and failure of settlement on an island can largely depend upon the availability
of fresh water. We can usually build a home on ground that is above the reach
of a possible tsunami, or far enough (we hope) from a volcano. We can reconcile
ourselves to the incidence of hurricanes and take all sensible precautions in
the event of a direct hit. We can dutifully take an antimalaria pill at
prescribed intervals if our island is in the malaria belt. We can even stagger
along in a foreign language. But all this is to no avail if the island of our
choice doesn't have enough fresh water for our needs."
"For the purpose of comparison and to assist the new-islander in arriving at a
decision, I have divided islands into five categories. These are:
1) Island or atoll such as Suvorov Island in the South Pacific, where Tom Neale
lived in solitude for many years. A category 1 island is deserted and quite
alone, hundreds of miles from a town where supplies may be obtained, and with no
scheduled services for freighters or schooners.
2) Island relatively isolated but part of a widely dispersed group, such as the
Marquesas or the Tuamotus. A category 2 island has a village and perhaps a
small store, but no town and no facilities. A schooner or small freighter calls
two or three times a year with provisions. If there is a town in the group, it
is a long distance-- perhaps several hundred miles-- away.
3) Island that has no town, no village, and no facilities, but part of a group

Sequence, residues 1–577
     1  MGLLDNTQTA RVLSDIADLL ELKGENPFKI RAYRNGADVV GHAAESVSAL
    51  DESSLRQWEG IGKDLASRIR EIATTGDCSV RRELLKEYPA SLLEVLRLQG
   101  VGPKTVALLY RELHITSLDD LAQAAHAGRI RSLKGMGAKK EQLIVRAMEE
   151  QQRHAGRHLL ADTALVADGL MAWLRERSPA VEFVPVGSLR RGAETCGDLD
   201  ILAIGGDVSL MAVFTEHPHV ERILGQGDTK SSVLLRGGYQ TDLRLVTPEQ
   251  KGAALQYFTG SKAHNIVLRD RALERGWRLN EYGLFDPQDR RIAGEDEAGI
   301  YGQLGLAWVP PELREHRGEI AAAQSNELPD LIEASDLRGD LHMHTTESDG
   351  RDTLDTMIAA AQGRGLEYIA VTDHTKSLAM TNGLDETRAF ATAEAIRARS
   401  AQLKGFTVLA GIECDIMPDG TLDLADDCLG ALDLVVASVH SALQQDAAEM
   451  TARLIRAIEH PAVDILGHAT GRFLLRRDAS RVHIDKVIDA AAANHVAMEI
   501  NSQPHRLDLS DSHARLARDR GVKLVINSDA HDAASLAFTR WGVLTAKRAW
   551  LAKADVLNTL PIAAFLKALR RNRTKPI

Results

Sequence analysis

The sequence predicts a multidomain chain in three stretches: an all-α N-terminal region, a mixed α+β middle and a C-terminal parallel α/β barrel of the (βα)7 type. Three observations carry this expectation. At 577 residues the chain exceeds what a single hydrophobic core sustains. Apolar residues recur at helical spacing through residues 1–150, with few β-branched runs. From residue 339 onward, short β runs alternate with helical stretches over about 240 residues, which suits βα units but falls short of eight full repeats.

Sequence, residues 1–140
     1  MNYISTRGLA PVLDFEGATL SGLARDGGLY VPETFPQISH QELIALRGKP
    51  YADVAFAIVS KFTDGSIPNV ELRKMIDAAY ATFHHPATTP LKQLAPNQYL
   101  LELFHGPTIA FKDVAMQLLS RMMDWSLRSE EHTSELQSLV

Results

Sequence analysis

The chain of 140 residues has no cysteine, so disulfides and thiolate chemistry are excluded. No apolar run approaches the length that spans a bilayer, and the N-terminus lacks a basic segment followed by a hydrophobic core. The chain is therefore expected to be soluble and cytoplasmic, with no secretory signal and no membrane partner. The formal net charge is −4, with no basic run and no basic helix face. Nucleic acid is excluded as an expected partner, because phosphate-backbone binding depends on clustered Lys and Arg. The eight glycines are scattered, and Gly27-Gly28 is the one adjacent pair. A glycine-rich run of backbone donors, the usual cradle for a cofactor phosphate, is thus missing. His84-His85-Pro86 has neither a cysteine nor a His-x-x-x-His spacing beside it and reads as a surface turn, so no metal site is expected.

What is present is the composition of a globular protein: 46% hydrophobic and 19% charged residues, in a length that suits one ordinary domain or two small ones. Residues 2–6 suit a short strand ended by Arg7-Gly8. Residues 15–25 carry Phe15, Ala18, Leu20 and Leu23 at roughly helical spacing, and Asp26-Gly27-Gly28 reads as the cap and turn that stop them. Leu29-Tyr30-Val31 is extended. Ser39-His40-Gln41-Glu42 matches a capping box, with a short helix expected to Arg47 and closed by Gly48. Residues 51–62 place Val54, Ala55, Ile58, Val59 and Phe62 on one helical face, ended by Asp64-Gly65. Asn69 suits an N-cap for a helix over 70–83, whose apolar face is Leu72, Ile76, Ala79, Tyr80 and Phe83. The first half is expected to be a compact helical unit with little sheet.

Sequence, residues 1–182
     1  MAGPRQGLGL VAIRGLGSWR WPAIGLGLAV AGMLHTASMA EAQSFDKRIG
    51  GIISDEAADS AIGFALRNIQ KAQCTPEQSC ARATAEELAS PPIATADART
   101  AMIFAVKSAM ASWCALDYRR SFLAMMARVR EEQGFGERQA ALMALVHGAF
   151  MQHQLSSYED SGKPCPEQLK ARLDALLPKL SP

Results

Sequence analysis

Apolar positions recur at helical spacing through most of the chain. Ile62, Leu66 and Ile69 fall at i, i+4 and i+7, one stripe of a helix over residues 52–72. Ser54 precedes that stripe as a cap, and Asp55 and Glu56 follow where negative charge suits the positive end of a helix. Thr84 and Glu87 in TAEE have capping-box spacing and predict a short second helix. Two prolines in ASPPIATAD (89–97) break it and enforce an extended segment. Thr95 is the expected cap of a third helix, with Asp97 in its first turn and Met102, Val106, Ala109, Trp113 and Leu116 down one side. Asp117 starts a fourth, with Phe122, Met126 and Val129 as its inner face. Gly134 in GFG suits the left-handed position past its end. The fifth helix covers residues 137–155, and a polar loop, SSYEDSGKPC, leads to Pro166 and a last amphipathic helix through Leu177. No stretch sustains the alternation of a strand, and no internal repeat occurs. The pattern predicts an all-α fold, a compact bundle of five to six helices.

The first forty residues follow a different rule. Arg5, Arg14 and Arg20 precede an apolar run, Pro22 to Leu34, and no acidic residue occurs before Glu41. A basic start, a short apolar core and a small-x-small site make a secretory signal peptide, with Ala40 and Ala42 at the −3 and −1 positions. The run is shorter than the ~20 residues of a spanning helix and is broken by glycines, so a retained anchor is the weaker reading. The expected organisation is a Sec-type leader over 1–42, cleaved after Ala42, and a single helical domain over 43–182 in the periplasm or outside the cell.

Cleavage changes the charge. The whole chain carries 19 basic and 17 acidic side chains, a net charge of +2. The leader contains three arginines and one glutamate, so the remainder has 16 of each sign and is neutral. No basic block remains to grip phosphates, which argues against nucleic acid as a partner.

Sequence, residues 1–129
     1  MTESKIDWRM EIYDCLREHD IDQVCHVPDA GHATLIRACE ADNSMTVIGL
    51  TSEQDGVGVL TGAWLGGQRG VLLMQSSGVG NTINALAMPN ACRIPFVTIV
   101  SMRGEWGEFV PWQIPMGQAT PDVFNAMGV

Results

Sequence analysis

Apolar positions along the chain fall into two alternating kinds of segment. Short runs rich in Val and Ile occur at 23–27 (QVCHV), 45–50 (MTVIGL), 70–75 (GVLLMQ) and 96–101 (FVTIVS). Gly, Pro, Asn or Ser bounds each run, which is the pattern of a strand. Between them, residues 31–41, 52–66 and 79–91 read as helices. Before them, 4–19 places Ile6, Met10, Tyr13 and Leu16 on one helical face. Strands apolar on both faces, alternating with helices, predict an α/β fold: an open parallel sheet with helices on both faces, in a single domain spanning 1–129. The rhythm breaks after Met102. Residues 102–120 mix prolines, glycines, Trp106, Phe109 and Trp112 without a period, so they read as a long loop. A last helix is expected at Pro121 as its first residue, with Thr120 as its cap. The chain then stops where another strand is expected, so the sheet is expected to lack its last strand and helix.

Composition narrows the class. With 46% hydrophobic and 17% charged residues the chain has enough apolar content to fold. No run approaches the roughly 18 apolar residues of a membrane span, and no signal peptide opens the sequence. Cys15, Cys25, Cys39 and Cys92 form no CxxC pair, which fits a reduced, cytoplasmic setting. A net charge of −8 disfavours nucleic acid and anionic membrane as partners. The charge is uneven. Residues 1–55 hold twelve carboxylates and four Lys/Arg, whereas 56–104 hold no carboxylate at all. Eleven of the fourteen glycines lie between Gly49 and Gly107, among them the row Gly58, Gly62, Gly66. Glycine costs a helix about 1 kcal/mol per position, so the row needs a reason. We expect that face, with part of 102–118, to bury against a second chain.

that has relatively sheltered waters. The category 3 island is less than 20
miles from a main island and its town, where provisions may be obtained. The
new-islander can usually reach the town in his own boat.
4) Island with no town and no facilities except electricity (much more on this
later). A category 4 island is part of a group and close (within a mile or two)
to a main island with a town, from which supplies may be obtained by boat.
5) Island with a small town, electricity, and a hospital. A modest amount of
shopping for such things as personal effects is possible; a good variety of
provisions is available. Some building materials may be purchased, but frequent
long delays for many items are an accepted part of life. A category 5 island
has an airstrip-- sometimes a jetstrip.
We will discuss each in turn."
"The inescapable conclusion is that the bigger the cistern, the better,
depending of course upon the number of people drawing water from it. As was
mentioned earlier, the building code prevailing on the island of St. Croix has a
clause setting a mandatory cistern capacity of not less than 10 gallon for every
square foot of roof area. Since this is reckoned on a rainfall of only 45
inches, it should in my opinion (and probably in the opinions of those who
dreamt it up, too) be regarded as minimum at best. No mention is made of the
number of bedrooms a dwelling should contain and thus the number of people who
might be drawing water from the cistern.
A workable rule of thumb when calculating the necessary capacity of a cistern is
to go back at least five years and pick out the longest, driest time recorded.
Multiply the number of weeks in this period by the expected weekly gallonage
needed, and then, in this instance, too, add 30 percent. In the above example,
where four people needed 300 gallons a week each for 12 weeks, take the
calculated necessary cistern capacity of 14,400 gallons, round this off to
15,000, add 30 percent, and settle on a round number of 20,000 gallons. This,
in my book, should be the minimum size for the cistern in question."
-- ======================================================================== Strata Rose Chalup [KF6NBZ] strata "@" virtual.net VirtualNet Consulting http://www.virtual.net/ ** Project Management & Architecture for ISP/ASP Systems Integration ** =========================================================================